READINGOld Testament: Genesis 45:1-15
Psalms: Psalms 78:1-39, 78:40-72
New Testament: 1 Corinthians 7:32-40
Gospel: Mark 6:1-13
Evening Psalms: 78:40-72
DEVOTIONAL“Jesus left there and went to his hometown, accompanied by his disciples. When the Sabbath came, he began to teach in the synagogue, and many who heard him were amazed. ‘Where did this man get these things?’ they asked. ‘…Isn’t this the carpenter? Isn’t this Mary’s son and the brother of James, Joseph, Judas and Simon? Aren’t his sisters here with us?’ And they took offense at him.” (Mark 6:1-3)
I can’t imagine growing up with someone in a tight-knit community, learning a trade together, sharing family meals together … and then one day hearing that He is actually the Son of God. That would be quite the shock!
It strikes me as ironic that those who seemed to know Jesus best—the people from His hometown—were unable to see the most profound aspect of who He was. Complete strangers were able to accept and delight in God among them, but His childhood friends only saw Him as the ordinary guy next door, despite witnessing His powerful wisdom in person when He came back as an adult. Because they knew Jesus so well, I can only imagine how they could have helped with His ministry if they had been willing to see and accept who He was. They could have attended to the little details, such as knowing what kind of soup Jesus would like at the end of a long, cold day of ministry. Perhaps more importantly, they also could have served as His confidantes and friends as He went about His difficult work. Wouldn’t that have only augmented the fulfillment of God’s purpose?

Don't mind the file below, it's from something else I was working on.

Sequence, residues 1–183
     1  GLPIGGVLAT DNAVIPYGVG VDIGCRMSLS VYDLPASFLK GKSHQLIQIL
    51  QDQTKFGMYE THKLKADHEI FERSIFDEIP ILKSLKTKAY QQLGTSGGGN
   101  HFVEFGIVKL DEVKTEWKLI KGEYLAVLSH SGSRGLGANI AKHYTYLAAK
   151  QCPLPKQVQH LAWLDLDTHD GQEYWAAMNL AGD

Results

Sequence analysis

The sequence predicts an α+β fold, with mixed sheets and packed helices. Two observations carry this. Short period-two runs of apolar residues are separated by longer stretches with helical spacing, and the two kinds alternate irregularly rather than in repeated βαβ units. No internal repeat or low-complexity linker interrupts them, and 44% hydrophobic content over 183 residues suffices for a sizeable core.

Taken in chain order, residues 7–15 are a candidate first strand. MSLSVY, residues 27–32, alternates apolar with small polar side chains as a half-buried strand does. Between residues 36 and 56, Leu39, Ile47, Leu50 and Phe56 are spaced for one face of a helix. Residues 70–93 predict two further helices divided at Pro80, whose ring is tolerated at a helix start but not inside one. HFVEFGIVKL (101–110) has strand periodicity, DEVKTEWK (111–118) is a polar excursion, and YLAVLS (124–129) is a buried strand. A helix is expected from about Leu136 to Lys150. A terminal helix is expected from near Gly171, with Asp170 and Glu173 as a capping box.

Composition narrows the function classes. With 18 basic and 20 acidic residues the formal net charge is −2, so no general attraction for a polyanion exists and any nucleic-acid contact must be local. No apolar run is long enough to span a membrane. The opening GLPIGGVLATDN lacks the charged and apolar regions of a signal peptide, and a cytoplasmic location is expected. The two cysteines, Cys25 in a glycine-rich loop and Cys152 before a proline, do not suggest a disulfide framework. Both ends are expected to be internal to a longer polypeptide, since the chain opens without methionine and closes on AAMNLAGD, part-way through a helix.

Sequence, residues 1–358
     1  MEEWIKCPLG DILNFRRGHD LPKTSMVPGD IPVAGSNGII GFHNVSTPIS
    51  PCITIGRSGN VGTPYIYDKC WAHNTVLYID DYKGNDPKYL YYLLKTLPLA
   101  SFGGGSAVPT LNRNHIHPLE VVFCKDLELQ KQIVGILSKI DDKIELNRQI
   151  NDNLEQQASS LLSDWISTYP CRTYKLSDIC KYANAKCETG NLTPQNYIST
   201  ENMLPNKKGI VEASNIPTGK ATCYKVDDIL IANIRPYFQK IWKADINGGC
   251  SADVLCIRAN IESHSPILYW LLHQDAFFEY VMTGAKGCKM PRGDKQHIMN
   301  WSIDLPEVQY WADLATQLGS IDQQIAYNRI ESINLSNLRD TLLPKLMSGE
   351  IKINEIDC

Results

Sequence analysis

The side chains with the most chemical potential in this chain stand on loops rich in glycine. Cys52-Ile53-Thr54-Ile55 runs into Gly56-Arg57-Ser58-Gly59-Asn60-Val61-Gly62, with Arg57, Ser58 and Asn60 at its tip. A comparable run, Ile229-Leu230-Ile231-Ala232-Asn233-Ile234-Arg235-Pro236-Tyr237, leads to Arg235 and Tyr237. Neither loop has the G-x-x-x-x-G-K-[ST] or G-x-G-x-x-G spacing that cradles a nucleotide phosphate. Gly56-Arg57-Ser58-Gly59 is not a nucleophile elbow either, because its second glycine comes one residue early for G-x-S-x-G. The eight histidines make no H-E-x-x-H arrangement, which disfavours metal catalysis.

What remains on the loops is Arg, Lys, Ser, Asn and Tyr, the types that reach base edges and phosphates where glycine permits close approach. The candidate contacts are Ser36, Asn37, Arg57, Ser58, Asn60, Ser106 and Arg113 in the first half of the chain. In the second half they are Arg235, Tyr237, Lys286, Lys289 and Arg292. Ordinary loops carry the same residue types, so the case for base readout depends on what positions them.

Today’s passage from Mark made me wonder, am I seeing my friends and family as familiar human beings, or am I seeing them the way God sees them? Could I be missing something significant in someone God has placed in my path because I’m assuming I know everything there is to know about that person? Could I help fulfill God’s will just by having an open mind to what He is trying to accomplish through my loved ones?
This Lenten season, I pray that God will lend me His eyes when I’m relating to others, especially those whom I believe I know well. What might this person have to offer the world, and how can I help him or her share it? Amen.